2024 Scouting Combine: Seven cornerbacks detail their favorite college plays

INDIANAPOLIS — Unless you are somehow able to gain access to one of the rooms in which NFL teams meet with draft prospects during the week of the scouting combine, there’s no way to know what’s really discussed. One thing that is almost always happens is a tape-watching expedition in which the NFL people will have play examples dialed up that hopefully show what the prospects can do.

Here at Touchdown Wire, we do not possess the required juice to crash those rooms, but we are able to ask these prospects during their combine media sessions which plays from their college careers best typify their potential.

On Thursday, we asked seven different cornerback prospects — Iowa’s Cooper DeJean, Kentucky’s Andru Phillips, Wake Forest’s Caelen Carson, Pitt’s M.J. Devonshire, Oregon’s Khyree Jackson, and Ole Miss’s Deantre Prince — for their favorite collegiate plays. These are the ones they’d like to show to NFL teams this week as indicators of their finest work.

Cooper DeJean, Iowa

(Vincent Carchietta-USA TODAY Sports)
(Vincent Carchietta-USA TODAY Sports)

DeJean is a first-round lock if you believe what evaluators tell you, and the tape backs it up. Last season for the Hawkeyes, he allowed 20 catches on 46 targets for 194 yards, 44 yards after the catch, no touchdowns, two interceptions, four pass breakups, and a preposterous opponent passer rating of 37.8.

But DeJean went back a ways for his ultimate play — the season before, when he gave up 37 catches on 72 targets for 422 yards, 115 yards after the catch, two touchdowns, five interceptions, five pass breakups, and an opponent passer rating of 49.7. DeJean isn’t just really good once in a while; he’s good just about all the time.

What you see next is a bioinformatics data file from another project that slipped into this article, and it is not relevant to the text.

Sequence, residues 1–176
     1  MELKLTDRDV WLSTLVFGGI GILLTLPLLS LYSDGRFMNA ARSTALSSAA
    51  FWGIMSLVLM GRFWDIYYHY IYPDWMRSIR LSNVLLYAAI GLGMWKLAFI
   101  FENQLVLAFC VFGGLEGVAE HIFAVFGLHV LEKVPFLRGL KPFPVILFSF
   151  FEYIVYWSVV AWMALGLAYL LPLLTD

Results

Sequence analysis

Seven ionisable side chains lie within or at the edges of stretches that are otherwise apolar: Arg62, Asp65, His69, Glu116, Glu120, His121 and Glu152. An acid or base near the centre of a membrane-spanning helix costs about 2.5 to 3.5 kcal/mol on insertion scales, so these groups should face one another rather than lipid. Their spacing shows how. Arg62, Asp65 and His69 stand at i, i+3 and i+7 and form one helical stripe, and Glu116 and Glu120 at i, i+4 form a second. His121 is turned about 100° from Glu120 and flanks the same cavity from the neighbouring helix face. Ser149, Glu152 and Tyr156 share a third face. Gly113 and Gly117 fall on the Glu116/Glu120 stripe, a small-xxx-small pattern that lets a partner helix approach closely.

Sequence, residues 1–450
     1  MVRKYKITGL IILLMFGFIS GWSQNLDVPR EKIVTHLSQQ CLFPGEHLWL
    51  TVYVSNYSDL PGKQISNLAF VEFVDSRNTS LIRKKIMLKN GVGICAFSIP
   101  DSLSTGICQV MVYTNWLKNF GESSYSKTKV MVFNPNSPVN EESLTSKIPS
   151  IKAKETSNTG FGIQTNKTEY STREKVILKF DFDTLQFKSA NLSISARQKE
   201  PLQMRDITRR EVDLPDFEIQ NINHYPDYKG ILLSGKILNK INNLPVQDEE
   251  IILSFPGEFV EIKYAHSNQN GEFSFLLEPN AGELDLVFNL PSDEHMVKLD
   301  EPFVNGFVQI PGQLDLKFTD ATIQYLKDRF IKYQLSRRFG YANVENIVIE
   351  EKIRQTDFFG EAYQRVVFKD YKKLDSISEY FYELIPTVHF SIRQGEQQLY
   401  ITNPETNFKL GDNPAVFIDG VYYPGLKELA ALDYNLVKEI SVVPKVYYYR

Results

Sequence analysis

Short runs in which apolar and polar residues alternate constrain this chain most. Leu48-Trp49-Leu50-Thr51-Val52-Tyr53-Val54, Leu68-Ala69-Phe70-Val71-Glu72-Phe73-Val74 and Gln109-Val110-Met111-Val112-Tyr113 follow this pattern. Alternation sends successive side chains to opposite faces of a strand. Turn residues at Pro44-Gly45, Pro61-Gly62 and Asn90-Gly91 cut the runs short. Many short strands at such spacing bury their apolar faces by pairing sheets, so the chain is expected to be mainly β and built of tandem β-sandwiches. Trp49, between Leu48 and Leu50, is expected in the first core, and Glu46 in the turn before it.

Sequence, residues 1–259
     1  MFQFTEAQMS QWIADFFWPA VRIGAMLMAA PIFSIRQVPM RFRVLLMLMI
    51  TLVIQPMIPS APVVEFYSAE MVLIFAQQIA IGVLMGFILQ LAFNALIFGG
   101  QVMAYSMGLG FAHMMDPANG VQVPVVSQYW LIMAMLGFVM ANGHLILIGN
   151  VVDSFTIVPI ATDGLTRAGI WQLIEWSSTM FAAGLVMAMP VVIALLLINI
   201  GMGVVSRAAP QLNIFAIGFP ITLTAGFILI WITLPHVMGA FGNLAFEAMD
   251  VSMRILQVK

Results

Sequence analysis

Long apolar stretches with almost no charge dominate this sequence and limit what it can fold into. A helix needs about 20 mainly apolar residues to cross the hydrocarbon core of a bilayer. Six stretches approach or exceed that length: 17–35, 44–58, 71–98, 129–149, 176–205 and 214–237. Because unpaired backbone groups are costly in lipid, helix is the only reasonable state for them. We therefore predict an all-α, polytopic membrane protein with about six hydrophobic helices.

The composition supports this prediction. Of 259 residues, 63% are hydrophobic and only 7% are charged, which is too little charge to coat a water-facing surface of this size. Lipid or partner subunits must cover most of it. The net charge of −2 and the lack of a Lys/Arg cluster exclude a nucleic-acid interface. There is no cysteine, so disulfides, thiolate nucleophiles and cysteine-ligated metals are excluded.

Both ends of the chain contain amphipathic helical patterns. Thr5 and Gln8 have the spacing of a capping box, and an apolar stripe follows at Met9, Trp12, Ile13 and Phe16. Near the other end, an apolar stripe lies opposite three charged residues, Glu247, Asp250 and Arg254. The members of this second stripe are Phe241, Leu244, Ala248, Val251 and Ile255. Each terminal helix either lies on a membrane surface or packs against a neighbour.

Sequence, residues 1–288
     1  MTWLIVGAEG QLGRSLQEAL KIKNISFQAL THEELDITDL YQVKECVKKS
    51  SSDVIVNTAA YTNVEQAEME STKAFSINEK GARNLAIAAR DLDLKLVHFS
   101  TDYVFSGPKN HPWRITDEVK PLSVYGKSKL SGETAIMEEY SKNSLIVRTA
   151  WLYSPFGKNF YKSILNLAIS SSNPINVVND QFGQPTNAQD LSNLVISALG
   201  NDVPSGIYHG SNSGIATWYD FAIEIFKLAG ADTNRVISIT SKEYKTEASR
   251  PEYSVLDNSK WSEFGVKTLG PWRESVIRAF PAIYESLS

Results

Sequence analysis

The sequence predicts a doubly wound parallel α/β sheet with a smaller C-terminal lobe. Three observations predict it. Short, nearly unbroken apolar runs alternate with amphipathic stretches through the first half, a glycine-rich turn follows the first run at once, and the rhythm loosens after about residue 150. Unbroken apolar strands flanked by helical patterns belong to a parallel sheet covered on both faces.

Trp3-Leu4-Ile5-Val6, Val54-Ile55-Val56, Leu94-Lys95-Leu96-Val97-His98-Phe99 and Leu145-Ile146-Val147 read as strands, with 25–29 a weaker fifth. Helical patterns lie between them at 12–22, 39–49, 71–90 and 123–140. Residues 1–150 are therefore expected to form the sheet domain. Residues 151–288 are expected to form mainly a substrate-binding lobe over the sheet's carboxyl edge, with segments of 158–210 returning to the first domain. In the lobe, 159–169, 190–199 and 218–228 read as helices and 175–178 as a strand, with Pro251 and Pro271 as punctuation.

“I think a play that comes to mind is my first pick-six against Rutgers. Caught a ball over my shoulder, and took it back for six. I feel like that showed by ball skills and athleticism and all that.”

Indeed. This happened in the 2022 season, and the Hawkeyes were in 2-Man coverage. Pressure caused quarterback Evan Simon to make an abbreviated throw on the play, and DeJean broke off underneath coverage to go up and take receiver Joshua Youngblood on the deep over. One acrobatic interception later, DeJean had his first pick-six.

Andru Phillips, Kentucky

[Corey Perrine/Florida Times-Union]
[Corey Perrine/Florida Times-Union]

Last season, Phillips allowed 39 catches on 58 targets for 438 yards, 156 yards after the catch, four touchdowns, no interceptions, six pass breakups, and an opponent passer rating of 112.6. It was an anomaly in a collegiate career that had never seen him allow an opponent passer rating of 56.8 in any season before, and as he detailed, Phillips was getting it done in other ways in 2023.

“Definitely one play against Florida near the end of this last year — I had a big hit on third down to get us off the field. It was a big hit on the running back, Etienne. The other play I would say from this last year was against Vanderbilt. My linebacker D-Jack [D’Eryk Jackson] caught a pick, and I was there for an opportunity to help the team out and get a win.”

The tackle of Florida running back Trevor Etienne was a game-changer — the Gators had third-and-11 from their own 49-yard line with 4:34 left in the game, and Etienne caught a release route from quarterback Graham Mertz. Phillips came down from flat coverage like hell on wheels and flipped Etienne with his tackle, two yards short of the sticks.

Caelen Carson, Wake Forest

(Trevor Ruszkowski-USA TODAY Sports)